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March 14, 2000

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Spasms in Spandex

by Debbie Lindsey

No rose colored sunglasses for me, instead I view the approaching summer through the wear worn darkness of spent Spandex. Again another swimming companion, once so supportive, is defeated by the relentless chlorine. Just as the discards of winter become spring's mulch, I should accept my own annual cycle of farewells and renewals . . . and shop.

Reluctance to move on creates some dandy denial. The stubborn disbelief that fabric this expensive should stretch a half foot gives way to momentary delusions of weight loss. Second there is fear: Is that a break in the seam? Third there is righteous anger as that seam breaks open climbing out of the pool in full view of a dozen twenty-somethings. Grieving is always followed by procrastination. I really loved that swimsuit. This is like losing my second skin. Grieving buys time until, finally tired of duct-taping my suit and exiting the pool only when all sunbathers are napping beneath their John Grisham sunvisors, I plan the dreaded excursion to the department store. In an effort to help other women through this retail rite of passage I offer some time honored tips. Be kind to yourself and plan ahead. Schedule your swimsuit hunt avoiding days given to bloating or hormonal surges. It is best to travel this journey alone but if you must shop in pairs then chose your partner carefully. She should be older, larger, vision- impaired and indebted to you--this will assure you of lots of compliments. Never take a gay man along. He'll have you in something so trendy that holding in your tummy and coordinating your swimsuit with your poolside accessories will supersede swimming.

Picking suits to try on is half the battle; never ever even think about bikinis. No one looks good in them (convince yourself of this). Those Sports Illustrated swimsuit issues lie: Those are not real people, rather they are computer-generated images of Barbie Dolls. Grab as many suits as possible so you don't have to leave the dressing room until finished; that tear stained face and disheveled look should not be shared with bored husbands lurking about the store waiting for their clotheshorse wives. Once inside the cramped and over-lit cubicle I first drape a sheer pink scarf over the mirror to soften the effect. I put on my reading glasses which effectively blur my reflection, yet come in handy for reading the labels (always fun to learn the nationality of the repressed and exploited labor). It is always hard to resist trying on just one of those truly skimpy, sexy things. So I do this first and get it out of my system. I deny the fact that flesh I'd never seen before has suddenly appeared oozing out the edges of Spandex. Instead I concentrate on how impractical this overpriced sexually exploitative smidgen of fabric is for lap swimming. Even the sensible, more conservative swimwear is no more than a square foot of French-cut sheerness. Even so, I still do as my mama insisted and wear my underpants during this clothes buying procedure. To accommodate the brevity of today's' designs, I take along that ridiculous lace thong thing an old boyfriend gave me one year in hopes of tricking me into "THE MOOD." I promptly explained that digging scratchy synthetics from personal crevices was not the ticket for romance. But the panties fit well under revealing beachwear.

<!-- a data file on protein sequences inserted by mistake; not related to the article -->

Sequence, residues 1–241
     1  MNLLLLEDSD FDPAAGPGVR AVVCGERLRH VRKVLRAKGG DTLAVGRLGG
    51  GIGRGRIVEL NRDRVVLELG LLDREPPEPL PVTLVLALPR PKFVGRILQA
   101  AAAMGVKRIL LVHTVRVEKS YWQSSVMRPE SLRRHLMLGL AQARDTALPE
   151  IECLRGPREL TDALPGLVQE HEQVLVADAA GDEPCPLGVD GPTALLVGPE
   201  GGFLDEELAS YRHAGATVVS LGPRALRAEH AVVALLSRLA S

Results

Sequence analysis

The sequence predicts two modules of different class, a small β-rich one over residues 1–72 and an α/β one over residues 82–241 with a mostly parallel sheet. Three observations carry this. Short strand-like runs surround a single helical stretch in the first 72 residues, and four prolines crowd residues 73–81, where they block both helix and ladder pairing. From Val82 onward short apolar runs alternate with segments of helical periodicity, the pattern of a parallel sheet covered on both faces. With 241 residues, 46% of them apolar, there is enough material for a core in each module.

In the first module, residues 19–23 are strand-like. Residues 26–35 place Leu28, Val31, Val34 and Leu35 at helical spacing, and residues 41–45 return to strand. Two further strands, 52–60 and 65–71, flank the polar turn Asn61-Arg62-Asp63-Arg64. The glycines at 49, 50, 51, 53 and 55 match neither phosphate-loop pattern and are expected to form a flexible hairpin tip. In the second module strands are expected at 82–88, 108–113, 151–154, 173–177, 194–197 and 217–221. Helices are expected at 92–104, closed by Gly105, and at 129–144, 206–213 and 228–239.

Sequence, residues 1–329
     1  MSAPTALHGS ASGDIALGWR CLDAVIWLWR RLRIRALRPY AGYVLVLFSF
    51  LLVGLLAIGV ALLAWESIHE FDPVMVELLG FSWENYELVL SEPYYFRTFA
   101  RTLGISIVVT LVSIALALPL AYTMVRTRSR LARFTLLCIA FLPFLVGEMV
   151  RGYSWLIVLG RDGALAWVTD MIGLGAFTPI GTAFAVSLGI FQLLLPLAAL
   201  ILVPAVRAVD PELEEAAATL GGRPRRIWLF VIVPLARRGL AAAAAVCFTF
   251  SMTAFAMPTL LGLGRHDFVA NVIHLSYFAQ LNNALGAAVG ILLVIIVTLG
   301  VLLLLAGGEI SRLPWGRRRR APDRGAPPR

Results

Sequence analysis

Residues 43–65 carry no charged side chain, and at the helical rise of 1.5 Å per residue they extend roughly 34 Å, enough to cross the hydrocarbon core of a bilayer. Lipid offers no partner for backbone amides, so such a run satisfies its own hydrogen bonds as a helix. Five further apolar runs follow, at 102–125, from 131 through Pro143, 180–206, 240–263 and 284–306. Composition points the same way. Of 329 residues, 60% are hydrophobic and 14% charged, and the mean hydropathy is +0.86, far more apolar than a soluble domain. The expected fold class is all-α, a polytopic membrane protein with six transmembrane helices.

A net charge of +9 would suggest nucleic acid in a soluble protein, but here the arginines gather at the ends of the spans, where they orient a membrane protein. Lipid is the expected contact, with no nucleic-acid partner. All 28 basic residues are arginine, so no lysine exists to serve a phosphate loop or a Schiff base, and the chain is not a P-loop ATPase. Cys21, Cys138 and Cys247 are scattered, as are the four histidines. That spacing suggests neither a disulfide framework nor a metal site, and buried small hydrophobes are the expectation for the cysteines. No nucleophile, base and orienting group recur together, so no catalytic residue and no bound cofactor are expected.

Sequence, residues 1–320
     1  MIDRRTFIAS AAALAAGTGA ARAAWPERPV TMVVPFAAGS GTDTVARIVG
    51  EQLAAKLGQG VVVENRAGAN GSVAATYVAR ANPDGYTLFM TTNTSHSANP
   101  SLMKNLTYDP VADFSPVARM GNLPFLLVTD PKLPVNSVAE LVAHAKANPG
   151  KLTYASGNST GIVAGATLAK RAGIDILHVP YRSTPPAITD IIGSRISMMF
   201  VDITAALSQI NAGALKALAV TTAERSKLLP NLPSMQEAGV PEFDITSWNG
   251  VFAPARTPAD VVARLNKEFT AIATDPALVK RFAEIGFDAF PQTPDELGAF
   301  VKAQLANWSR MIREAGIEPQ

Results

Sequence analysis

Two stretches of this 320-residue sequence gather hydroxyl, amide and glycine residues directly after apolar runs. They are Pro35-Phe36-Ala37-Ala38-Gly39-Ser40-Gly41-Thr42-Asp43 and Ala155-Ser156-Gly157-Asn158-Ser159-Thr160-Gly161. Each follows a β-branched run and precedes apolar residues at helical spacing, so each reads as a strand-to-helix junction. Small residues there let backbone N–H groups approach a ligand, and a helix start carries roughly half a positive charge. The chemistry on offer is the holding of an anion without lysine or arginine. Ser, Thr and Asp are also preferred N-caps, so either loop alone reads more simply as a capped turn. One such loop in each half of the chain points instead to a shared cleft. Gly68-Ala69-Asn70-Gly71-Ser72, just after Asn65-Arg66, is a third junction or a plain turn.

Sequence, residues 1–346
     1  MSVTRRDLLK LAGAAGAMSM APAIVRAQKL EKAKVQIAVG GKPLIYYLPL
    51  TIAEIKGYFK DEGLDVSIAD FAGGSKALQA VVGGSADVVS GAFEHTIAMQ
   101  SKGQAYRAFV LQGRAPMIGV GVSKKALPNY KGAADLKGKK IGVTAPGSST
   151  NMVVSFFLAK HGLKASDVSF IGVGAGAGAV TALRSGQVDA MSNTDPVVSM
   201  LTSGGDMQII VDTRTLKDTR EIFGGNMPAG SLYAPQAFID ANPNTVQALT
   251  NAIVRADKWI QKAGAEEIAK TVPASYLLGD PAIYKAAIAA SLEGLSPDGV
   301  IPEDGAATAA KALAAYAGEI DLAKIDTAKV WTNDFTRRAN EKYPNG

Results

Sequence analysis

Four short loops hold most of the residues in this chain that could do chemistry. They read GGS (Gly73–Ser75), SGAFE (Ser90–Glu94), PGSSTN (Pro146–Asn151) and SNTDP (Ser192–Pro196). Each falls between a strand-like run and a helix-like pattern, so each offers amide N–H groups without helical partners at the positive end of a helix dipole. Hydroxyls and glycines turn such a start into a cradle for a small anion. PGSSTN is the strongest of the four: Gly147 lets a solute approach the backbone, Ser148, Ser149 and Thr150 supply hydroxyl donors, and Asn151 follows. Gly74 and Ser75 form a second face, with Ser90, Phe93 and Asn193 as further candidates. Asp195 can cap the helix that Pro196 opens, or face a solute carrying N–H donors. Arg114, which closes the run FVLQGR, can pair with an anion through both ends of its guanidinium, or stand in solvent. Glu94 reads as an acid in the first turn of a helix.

Do not confuse my reticence to reveal with modesty. Ever since that time a man several years my senior became transfixed with my stretch marks and commented, "I didn't realize we were the same age," I have opted for more fabric--might as well get my money's worth. With or without bunching underpants progress is made. After trying on all the sizes larger than you've ever worn, the true sizes begin to seem acceptable, even kinder. In other words, if you honestly believe (yearn) yourself to be a size 8, then try on size 14 first--that size 10 (be honest, you haven't seen a size 8 in years) will feel like a blessing then. The final cut begins. All the runner-ups are tried on again and again. While squeezing my way in and out of various bits of latex, spandex, and nylon I thrash about the dressing room mimicking backstrokes and breaststrokes. Once in my enthusiasm I kicked open the door and a panicky saleslady raced in prepared to make use of her Red Cross training. At this stage I lament for my lost youth and anguish over the visitation of my mother's aging body superimposing my reflection. My grief turns to a healthy anger as I look at the price tag on my final selection. Changing my mind I grab the cheapest and frumpiest of the pile. Tossing the thong undies in the wastebasket and donning my high-waist cotton drawers, I go home to take refuge in my refrigerator and languish in my larder, confident that I will swim stylishly toward svelteness tomorrow.


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